Taiwan's Turn

Article excerpt


For the last 4 1/2 years, the Bush administration has continually begged Taiwan to purchase a special $18 billion package of weapons designed to help defend against the threat from China. Due mostly to relentless obstructionism on the part of the opposition pan-Blue coalition, Taiwan has failed to pass this special budget. If the United States fails to seriously pressure Taiwan - in the form of diplomatic "sticks" - Taiwan will continue to balk, emboldening China and endangering the security of both Taiwan and the United States.

Taiwan faces arguably the most precarious security environment in the world. It sits roughly 100 miles away from the behemoth People's Republic of China, which is aiming a considerable campaign of military modernization directly at tiny Taiwan. In the face of this dire threat, Taiwan has displayed a stunning neglect of its own defense, and not just in terms of its refusal to pass the special budget. Over the last five years, Taiwan's overall defense spending has dropped roughly 25 percent, to an anemic 2.4 percent of gross domestic product.

The reason it has the luxury to do so, according to Taiwan expert James Mulvenon, is Taiwan's belief in a "blank check of military support from the United States."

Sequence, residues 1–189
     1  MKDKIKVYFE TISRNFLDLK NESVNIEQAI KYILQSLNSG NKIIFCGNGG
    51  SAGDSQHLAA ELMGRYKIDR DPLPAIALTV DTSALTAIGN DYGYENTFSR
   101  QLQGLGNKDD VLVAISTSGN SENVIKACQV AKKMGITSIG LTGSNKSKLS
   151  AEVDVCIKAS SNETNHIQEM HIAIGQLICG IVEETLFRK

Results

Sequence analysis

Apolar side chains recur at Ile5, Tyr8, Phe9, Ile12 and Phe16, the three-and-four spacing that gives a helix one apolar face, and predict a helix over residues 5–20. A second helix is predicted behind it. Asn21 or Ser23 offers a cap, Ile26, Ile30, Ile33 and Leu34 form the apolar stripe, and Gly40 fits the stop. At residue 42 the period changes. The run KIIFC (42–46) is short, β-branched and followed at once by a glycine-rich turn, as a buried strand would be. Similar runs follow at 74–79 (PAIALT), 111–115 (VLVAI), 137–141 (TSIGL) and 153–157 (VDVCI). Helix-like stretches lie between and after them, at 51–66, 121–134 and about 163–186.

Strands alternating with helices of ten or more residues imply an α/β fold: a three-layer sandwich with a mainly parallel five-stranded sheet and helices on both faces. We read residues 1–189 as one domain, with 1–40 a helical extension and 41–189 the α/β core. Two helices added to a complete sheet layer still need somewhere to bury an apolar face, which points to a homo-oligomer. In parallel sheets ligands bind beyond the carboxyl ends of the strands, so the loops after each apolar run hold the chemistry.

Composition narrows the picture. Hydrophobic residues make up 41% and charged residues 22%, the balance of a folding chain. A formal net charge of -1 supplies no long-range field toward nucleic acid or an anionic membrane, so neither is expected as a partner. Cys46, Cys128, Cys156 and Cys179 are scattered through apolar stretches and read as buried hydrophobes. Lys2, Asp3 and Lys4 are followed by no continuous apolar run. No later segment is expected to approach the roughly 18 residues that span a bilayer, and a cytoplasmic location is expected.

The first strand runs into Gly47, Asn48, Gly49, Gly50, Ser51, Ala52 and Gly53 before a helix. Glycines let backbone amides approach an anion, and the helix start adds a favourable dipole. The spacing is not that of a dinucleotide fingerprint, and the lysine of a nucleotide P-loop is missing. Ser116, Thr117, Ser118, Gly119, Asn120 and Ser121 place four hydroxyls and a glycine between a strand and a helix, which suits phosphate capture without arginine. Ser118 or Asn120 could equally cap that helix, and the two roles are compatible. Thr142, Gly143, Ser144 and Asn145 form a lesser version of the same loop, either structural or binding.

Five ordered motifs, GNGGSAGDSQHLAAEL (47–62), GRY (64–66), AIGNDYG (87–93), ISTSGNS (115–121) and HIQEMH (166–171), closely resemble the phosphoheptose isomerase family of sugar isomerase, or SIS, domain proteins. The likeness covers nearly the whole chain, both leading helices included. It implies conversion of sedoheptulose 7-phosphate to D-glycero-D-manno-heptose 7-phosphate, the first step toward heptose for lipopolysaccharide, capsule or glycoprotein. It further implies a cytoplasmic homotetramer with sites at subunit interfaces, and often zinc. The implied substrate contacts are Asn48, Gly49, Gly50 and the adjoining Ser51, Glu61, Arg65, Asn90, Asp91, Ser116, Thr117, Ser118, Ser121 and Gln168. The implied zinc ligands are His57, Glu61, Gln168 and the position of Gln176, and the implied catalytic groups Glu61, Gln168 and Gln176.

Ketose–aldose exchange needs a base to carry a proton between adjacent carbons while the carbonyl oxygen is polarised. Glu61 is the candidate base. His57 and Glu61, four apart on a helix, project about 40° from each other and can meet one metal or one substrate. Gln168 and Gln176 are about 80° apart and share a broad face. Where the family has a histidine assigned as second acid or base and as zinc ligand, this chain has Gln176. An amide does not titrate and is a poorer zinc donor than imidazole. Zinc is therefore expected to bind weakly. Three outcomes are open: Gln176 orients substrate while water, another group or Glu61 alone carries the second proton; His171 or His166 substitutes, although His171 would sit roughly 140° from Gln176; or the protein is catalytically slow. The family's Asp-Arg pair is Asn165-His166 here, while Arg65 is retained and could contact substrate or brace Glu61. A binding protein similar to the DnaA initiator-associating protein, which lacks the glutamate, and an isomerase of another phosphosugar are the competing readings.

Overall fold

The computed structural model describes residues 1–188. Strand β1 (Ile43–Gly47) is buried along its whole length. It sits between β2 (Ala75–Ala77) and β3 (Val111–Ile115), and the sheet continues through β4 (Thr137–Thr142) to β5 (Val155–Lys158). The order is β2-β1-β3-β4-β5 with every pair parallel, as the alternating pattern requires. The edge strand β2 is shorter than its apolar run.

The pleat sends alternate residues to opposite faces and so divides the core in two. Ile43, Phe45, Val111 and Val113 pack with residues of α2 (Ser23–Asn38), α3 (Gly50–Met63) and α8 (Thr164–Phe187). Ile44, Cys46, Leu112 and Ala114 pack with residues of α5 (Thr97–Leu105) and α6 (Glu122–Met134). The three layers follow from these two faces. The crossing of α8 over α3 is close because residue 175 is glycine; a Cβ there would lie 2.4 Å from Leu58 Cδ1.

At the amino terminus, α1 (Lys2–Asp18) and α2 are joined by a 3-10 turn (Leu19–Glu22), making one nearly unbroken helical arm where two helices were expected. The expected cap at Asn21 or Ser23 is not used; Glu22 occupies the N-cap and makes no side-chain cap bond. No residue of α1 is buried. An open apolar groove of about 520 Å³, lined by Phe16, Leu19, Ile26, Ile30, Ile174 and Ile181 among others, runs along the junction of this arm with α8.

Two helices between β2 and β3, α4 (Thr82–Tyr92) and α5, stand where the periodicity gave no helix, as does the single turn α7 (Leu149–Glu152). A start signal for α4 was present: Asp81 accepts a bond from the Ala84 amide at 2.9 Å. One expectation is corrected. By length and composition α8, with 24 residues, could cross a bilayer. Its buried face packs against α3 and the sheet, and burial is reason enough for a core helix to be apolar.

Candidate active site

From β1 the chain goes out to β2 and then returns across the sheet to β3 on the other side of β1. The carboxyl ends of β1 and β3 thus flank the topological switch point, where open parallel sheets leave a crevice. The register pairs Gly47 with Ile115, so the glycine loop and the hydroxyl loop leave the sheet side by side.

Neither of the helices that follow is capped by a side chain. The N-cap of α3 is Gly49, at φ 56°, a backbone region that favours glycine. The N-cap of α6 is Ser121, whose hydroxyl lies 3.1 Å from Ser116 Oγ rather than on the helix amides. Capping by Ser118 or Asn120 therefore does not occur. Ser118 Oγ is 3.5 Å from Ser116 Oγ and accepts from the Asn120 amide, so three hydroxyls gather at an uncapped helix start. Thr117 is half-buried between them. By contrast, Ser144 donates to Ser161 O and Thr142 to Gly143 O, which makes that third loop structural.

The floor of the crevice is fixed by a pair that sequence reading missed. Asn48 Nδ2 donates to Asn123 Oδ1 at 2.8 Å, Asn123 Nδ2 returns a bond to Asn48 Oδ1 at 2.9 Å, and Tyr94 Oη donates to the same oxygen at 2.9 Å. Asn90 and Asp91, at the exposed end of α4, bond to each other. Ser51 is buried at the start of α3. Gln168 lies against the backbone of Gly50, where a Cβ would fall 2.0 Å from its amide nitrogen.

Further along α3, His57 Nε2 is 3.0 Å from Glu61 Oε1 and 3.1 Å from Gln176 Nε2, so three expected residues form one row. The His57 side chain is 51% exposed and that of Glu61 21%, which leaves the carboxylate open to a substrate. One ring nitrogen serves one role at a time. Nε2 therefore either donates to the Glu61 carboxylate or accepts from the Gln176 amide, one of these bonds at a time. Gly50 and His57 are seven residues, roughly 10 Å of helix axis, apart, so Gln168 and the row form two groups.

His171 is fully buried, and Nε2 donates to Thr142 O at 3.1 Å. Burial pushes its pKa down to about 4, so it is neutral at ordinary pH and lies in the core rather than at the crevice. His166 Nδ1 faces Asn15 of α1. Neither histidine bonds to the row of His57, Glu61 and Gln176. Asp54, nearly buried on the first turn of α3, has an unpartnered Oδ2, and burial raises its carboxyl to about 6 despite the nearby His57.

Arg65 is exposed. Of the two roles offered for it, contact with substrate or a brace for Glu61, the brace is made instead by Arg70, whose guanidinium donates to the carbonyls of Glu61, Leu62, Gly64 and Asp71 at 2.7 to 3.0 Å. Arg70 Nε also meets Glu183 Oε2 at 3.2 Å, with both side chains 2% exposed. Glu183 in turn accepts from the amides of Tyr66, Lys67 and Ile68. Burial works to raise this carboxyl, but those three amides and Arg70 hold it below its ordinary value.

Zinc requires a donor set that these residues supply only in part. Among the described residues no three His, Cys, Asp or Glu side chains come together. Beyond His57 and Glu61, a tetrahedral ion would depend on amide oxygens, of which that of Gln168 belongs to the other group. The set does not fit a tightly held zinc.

Unfortunately, the Bush administration has not convinced Taiwan it does not have a blank check from the United States. By refusing to put adequate force behind the negotiations over the special budget, the administration has conveyed it is prepared to endure indefinite Taiwanese procrastination. Without more serious U.S. pressure, Taiwan's government may continue to de-emphasizing defense spending, even as it greatly increases its social spending.

The administration seems to be turning up the heat. Edward Ross, a senior Pentagon official, gave Taiwan a stern warning last week. Mr. Ross told Taiwanese defense officials at a meeting in San Diego that, "We cannot help defend you if you cannot defend yourself." While that was a helpful measure, there are a number of additional tactics the administration could use if Taiwan continues to refuse the special budget.

For example, in April 2001 President Bush promised to do "whatever it takes to help Taiwan defend itself." What the Taiwanese seem to have heard was "whatever it takes to defend Taiwan." The president should clarify what his remarks meant in the context of the stalled special budget.

The ultimate danger is that Taiwan's military may become increasingly irrelevant. …